Defending the Judeo-Christian Heritage, limited government, and the American Constitution
Thursday February 11th 2016

Day 2: Individual Mandate


Washington, DC – Today the U.S. Supreme Court will hear the second day of oral argument in Florida v. United States Department of Health and Human Services, which will focus on the individual mandate of ObamaCare.

Yesterday’s argument focused on the Anti-Injunction Act (AIA). If the AIA applies, the Court may not be able to reach the decision on the individual mandate until after it becomes effective in 2014 or thereafter. However, judging by the comments and questions of the Justices, it appears that a majority of the Justices do not believe the AIA applies to this case and will therefore reach the merits of the case. Liberty Counsel filed a brief with the Court on the AIA, and it was Liberty Counsel’s case, Liberty University v. Geithner, that presented the issue before the Court.

The crux of the case is the individual mandate during the second day of argument. Liberty Counsel filed a second brief before the Court, arguing that the individual mandate exceeds Congress’s authority under the Commerce Clause. Tomorrow, the Court will consider the Medicaid provision and also hear argument on whether provisions of the law can be severed, allowing portions of the law to remain in effect.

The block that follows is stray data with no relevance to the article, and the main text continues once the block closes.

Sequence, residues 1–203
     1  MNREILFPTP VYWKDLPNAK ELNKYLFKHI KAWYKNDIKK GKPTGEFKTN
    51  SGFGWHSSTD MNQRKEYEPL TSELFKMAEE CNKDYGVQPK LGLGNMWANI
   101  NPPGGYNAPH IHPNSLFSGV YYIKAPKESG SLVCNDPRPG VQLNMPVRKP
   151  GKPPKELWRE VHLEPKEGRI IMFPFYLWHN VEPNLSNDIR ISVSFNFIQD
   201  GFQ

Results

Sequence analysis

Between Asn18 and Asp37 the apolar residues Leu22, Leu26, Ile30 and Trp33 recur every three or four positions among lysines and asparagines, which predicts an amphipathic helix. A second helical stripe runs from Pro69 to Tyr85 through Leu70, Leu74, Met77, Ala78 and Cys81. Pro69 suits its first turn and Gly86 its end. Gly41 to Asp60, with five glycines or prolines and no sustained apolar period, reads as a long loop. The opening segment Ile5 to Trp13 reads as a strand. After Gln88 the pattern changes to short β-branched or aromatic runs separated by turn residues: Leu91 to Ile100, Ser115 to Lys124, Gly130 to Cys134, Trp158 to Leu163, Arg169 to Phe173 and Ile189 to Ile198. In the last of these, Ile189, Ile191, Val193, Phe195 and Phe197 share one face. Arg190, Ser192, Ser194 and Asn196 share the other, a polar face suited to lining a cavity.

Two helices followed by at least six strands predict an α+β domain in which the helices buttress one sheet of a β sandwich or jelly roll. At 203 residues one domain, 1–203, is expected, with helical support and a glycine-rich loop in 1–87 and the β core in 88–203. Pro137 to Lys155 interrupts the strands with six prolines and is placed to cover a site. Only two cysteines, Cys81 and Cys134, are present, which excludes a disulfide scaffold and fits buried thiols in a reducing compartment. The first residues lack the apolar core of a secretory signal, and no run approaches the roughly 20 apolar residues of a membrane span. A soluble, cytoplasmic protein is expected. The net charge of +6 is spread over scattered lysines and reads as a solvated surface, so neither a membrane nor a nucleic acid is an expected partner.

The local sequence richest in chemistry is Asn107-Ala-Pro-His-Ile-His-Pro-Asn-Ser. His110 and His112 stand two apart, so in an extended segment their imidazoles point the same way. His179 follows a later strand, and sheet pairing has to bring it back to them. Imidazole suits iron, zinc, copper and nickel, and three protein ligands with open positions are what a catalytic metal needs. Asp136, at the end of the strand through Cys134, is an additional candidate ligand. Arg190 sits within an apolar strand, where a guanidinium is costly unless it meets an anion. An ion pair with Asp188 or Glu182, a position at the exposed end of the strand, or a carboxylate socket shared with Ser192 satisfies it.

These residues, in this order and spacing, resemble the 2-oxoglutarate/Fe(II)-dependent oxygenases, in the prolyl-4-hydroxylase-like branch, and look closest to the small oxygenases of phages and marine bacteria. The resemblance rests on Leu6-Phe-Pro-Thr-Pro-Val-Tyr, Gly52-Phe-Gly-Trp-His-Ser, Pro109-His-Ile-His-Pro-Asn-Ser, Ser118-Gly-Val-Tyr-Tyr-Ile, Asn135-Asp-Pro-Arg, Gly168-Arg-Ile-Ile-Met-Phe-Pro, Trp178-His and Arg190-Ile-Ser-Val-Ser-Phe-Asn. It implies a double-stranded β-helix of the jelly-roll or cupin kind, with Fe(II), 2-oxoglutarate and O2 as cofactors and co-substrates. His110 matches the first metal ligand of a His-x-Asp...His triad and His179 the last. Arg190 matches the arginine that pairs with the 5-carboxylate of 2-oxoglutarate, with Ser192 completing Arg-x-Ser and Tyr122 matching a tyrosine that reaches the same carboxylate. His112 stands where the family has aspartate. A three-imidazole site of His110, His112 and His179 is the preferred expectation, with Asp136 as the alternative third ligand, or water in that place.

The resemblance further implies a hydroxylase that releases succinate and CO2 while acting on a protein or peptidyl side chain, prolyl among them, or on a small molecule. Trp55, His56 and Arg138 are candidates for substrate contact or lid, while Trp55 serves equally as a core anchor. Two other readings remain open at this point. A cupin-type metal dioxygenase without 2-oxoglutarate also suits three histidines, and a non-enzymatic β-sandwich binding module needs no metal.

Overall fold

Liberty Counsel filed the first private lawsuit against ObamaCare on the same day it was signed into law. This is the only pending case at the Supreme Court that challenges both the individual and the employer mandates. Liberty Counsel filed two amicus briefs with the Supreme Court, addressing both the Anti-Injunction Act and the Commerce Clause.

Audio of the argument will be made available two hours after the end of each day’s proceedings. This link will be updated by the Supreme Court to contain the audio from various cases, and the Court also plans to release the transcripts shortly after the close of the session.

Mathew Staver, Founder and Chairman of Liberty Counsel said: “Based on the questions and comments of the Justices, it appears that a majority believe the Court can decide the merits now and not wait until 2014. The first day was a good beginning on the road to overturn ObamaCare.”

Used with the permission of Liberty Counsel.